In the summer of 2003 I lived in Switzerland during one of the hottest months on record. In Europe a total of 35,000 people, mostly elderly, died due to the heat. The heat wave lasted about 3 weeks reaching temperatures over 100F (40C) affecting people who were completely unprepared to deal with this environmental change.
I remember the heat was mostly very humid due to thunderstorms every 3-4 days after which the rain water would evaporate. Being a grad student I took to working mostly during the afternoon, evening, and night, going to sleep around 3am, finally being able to sleep around 5am during the coolest part and then waking up like in an oven around 11am. After a couple of weeks people were going slightly crazy. There was no escape.
I remember finding occasional relief by hanging out near the freezer section of the supermarket, the air conditioned console in the computer room and the basement where I did my laundry, but you could only do your laundry for so long.
Mind you, in Europe we do not have ubiquitous access to A/C. Most people are not used to dealing with this and thus we had a situation similar to what North America would look like with a 3 week long brown out which just might happen when everyone starts gunning their A/Cs during an extra warm period.
People were simply not adapted and did not know how to handle the heat. Heat puts a substantial demand on the circulatory system. The heart must work much harder. If it can’t then people die.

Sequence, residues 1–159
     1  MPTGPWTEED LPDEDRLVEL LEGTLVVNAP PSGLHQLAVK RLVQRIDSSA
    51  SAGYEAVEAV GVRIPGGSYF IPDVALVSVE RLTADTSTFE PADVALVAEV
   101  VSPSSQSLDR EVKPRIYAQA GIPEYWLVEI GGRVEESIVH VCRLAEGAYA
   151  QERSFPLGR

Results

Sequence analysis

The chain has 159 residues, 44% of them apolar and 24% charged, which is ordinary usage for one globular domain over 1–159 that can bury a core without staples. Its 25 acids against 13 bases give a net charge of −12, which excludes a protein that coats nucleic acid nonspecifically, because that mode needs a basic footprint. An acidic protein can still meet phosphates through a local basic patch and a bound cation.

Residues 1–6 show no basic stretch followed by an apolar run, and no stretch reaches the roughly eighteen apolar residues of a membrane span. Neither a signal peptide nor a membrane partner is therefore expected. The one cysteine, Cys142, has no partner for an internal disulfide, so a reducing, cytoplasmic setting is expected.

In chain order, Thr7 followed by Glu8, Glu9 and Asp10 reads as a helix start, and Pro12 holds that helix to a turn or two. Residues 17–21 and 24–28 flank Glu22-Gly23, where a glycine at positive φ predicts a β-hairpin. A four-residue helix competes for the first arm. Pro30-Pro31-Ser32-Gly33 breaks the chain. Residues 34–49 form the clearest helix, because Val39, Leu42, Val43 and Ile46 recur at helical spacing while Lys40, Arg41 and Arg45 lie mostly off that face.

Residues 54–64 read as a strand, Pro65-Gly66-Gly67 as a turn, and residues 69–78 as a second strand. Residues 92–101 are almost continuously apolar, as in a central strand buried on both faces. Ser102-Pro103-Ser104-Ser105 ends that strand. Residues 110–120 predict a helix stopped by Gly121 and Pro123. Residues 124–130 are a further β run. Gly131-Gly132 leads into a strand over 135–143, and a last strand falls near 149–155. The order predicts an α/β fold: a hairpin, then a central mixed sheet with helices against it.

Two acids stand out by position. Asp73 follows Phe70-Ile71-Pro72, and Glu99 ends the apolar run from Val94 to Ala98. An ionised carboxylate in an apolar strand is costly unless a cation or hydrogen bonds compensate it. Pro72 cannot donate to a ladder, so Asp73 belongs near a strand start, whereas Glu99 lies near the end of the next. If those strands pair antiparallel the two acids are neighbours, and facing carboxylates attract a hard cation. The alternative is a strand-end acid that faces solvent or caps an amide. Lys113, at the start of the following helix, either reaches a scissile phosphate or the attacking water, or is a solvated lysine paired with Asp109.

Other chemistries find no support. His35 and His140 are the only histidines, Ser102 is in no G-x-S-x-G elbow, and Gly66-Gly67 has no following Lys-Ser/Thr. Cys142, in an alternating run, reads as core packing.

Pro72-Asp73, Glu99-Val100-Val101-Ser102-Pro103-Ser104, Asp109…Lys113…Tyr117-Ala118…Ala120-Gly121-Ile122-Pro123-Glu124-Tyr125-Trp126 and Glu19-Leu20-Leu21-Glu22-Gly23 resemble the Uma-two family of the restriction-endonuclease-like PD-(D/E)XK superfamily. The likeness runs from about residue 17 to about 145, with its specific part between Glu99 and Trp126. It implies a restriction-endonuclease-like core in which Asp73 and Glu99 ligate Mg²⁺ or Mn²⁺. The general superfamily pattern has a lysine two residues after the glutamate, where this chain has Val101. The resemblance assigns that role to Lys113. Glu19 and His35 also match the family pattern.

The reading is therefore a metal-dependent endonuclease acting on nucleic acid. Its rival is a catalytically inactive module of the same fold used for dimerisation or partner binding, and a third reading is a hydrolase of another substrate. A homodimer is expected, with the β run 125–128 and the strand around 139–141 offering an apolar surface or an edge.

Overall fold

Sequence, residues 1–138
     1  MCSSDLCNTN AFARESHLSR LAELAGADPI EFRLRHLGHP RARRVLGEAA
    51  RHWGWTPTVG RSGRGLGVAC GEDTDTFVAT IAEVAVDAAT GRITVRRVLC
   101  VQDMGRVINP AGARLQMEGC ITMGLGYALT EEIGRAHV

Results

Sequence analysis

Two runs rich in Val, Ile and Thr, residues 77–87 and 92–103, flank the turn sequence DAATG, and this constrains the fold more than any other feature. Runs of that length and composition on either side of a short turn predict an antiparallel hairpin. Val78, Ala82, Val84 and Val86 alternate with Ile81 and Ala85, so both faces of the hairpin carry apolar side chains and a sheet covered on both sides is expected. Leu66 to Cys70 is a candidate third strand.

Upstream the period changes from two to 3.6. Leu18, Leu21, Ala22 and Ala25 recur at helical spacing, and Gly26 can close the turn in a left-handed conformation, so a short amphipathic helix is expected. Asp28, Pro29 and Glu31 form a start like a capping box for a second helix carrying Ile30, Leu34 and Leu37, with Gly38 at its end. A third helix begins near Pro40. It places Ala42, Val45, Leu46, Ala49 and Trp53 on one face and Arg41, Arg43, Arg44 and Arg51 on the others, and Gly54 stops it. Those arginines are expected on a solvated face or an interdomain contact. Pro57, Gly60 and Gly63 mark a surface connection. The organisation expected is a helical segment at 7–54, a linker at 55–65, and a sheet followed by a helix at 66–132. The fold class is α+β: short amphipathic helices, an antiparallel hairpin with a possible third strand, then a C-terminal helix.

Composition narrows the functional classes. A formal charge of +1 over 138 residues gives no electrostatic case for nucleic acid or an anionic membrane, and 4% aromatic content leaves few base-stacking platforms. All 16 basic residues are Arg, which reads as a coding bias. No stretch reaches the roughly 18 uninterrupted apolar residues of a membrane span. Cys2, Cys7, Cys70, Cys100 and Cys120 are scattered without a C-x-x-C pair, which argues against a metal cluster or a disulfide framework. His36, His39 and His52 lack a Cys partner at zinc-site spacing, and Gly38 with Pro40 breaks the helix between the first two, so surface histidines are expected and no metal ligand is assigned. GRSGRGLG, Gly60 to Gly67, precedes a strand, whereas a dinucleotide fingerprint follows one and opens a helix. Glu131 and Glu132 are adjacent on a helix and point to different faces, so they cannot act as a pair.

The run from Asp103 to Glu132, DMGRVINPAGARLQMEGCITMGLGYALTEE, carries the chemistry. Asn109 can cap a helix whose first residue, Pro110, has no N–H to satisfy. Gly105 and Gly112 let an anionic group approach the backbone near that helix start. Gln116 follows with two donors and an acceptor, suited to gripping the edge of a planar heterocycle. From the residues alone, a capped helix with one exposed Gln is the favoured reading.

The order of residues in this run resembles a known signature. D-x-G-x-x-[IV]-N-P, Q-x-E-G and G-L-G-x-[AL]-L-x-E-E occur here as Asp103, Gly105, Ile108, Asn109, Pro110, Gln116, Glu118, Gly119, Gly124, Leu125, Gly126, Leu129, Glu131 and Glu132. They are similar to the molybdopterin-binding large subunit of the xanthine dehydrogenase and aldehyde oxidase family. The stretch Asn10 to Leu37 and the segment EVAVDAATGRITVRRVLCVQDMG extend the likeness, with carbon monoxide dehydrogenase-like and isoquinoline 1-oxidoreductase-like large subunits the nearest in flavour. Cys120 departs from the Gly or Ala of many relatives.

The 2003 weather extreme has been attributed to global warming. As the energy balance keeps getting shifted towards higher thermal potentials as more radiation energy gets stored in the planet’s weather systems making them more extreme. We are going to see more such events as the planet keeps heating. It is best to prepare for them by not delaying personal adaptation however tempting it may be to remain comfortable in the short run.
- Most importantly, be sure that your circulatory system can handle it. Get in sufficiently good shape that you can move around outside when the temperature is 100F+. If you can run for half an hour in 100F without doubling over, you have a much better chance of surviving sitting for three weeks in 100F. It is not wise to stake your life on access to A/C.
- Heat tolerance can be developed by gradually building up to it. This will increase the number of sweat glands (remember to drink a lot of water). Walking from A/C to A/C is counter-effective. Set an upper limit to the A/C around 80F. Then gradually increase it.
- Open windows to increase the draft. Get a fan if you can afford it. You can increase the effectiveness of the fan by evaporating water off of your skin.
- Work slowly. Do not overheat. It is much harder to recover from a bad situation than it is to prevent it.
- Sleep naked, no sheets. If that is not enough, put water on the mattress before going to bed. This will cool it further. Even better: Sleep outside (balcony, roof), if you can.
- Change your hours. Do not work during the hottest hours of the day. There is a reason for the siesta. Work during night. Sleep during (most of) the day.
In the coming decades, I would consider these coping skills essential and part of the “health plan” especially without access to A/C which is likely going to be more expensive (declining energy reserves). Prescient people may want to leave the south western US and southern Europe entirely and move north.
Originally posted 2009-02-02 21:40:18.